12. The method of claim 1, wherein the LUT comprises a subnet table.
13. The method of claim 12, wherein the designated aspect used for matching comprises a destination IP address, and wherein a match is found if the destination address is within a flagged subnet in the subnet table.
14. The method of claim 12, wherein the designated aspect used for matching comprises a source IP address, and wherein a match is found if the source address is within a flagged subnet in the subnet table.
15. The method of claim 12, wherein the designated aspect used for matching comprises both a source IP address and a destination IP address, and wherein a match is found if either of the addresses are within a flagged subnet in the subnet table.
16. The method of claim 12, wherein the designated aspect used for matching comprises both a source IP address and a destination IP address, and wherein a match is found if both of the addresses are within a flagged subnet in the subnet table.
17. The method of claim 1, wherein the LUT comprises an access control list (ACL).
18. The method of claim 17, wherein the designated aspect comprises a filter element.
19. The method of claim 1, wherein the determination of a match is accomplished by way of a linear search.
20. The method of claim 1, wherein the determination of a match is accomplished by using a hash table.
21. The method of claim 1, wherein the determination of a match is accomplished utilizing a b-tree searching algorithm.
22. The method of claim 1, wherein the look-up table is stored in content addressable memory.
23. The method of claim 1, wherein the determination of a match is accomplished using a search process that stops when a first match to the designated aspect is found, irregardless of whether the entry found is flagged for mirroring.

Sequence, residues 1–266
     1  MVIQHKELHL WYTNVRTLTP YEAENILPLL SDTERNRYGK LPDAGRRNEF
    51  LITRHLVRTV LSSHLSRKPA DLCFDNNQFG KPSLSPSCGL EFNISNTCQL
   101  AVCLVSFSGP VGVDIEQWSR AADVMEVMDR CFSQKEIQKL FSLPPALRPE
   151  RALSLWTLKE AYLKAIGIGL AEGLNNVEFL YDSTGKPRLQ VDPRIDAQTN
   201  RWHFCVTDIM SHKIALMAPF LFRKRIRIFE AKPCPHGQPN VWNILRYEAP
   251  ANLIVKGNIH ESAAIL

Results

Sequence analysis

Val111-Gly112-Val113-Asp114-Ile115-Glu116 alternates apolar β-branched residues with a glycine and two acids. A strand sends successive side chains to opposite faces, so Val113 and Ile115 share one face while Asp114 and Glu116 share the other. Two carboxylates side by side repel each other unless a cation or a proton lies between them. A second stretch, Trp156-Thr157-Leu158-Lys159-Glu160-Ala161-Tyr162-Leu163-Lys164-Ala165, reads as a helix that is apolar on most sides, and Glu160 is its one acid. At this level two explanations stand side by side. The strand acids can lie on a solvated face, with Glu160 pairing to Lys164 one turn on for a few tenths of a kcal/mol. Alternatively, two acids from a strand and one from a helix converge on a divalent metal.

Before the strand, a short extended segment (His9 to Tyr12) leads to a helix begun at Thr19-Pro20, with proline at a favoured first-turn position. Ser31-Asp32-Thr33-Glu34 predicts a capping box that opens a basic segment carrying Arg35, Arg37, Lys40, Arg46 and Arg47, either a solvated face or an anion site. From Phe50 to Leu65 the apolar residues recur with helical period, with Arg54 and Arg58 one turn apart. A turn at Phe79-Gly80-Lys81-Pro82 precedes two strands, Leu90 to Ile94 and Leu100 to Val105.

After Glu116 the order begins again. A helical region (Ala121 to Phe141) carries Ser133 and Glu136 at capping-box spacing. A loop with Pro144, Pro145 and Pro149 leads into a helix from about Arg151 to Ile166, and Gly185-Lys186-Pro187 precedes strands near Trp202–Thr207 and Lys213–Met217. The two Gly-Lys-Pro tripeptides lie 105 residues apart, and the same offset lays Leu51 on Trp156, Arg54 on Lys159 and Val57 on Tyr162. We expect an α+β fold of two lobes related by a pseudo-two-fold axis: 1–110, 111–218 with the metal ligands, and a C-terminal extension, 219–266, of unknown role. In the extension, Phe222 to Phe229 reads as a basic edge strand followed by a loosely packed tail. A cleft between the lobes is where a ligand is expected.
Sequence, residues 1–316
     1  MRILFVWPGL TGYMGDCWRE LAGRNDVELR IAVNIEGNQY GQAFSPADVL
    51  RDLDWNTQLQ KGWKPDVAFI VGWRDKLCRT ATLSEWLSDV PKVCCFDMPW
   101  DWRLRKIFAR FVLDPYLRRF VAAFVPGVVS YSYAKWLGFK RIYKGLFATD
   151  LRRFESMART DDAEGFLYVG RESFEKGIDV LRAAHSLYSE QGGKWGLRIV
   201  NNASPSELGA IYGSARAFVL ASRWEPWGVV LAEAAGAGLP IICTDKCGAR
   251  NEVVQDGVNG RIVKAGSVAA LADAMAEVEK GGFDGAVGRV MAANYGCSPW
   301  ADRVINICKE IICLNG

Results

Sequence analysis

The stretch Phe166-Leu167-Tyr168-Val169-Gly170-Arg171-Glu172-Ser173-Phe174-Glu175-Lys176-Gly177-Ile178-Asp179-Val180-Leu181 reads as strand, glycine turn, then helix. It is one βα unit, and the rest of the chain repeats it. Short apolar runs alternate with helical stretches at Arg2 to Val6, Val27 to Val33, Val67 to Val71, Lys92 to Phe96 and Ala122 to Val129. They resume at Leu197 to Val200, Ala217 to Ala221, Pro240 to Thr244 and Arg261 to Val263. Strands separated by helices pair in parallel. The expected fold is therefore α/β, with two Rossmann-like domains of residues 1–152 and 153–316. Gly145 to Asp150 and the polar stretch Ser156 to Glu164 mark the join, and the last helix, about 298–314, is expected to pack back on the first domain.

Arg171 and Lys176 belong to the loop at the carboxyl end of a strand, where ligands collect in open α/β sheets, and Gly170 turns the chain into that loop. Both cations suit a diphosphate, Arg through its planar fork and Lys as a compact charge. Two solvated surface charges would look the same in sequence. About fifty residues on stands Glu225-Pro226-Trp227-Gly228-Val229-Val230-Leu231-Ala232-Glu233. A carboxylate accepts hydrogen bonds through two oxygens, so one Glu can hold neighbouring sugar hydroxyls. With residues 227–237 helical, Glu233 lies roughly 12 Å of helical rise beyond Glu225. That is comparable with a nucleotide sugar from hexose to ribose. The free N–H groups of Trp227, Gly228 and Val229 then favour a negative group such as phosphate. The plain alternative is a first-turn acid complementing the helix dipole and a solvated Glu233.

24. A networking apparatus, the apparatus comprising:
an operating system including routines utilized to control the apparatus;
a look-up table including selection information for mirror sources therein; and
a mirroring engine for forwarding copies of selected packets to at least one corresponding mirror destination, wherein a packet is mirrored if a designated aspect of the packet matches a flagged entry in the look-up table.
25. The apparatus of claim 24, wherein multiple mirror sources correspond to the mirror destination(s).
26. The apparatus of claim 24, wherein the apparatus supports multiple mirror sessions, wherein each mirror session comprises at least one mirror source and at least one corresponding mirror destination.
27. The apparatus of claim 24, wherein the look-up table comprises a MAC address table.
28. The apparatus of claim 24, wherein the look-up table comprises an IP address table.
29. The apparatus of claim 24, wherein the look-up table comprises a subnet table.
30. The apparatus of claim 24, wherein the look-up table comprises an access control list.
31. A method of selecting packets to mirror from network traffic, the method comprising:
receiving a data packet by a network device;
determining whether characteristics of the packet matches static mirroring criteria from a look-up table on the network device;
checking state information relating to the network traffic against dynamic mirroring criteria; and
sending a copy of the packet to an associated mirror destination if the characteristics of the packet matches the static mirroring criteria and if the state information matches the dynamic mirroring criteria.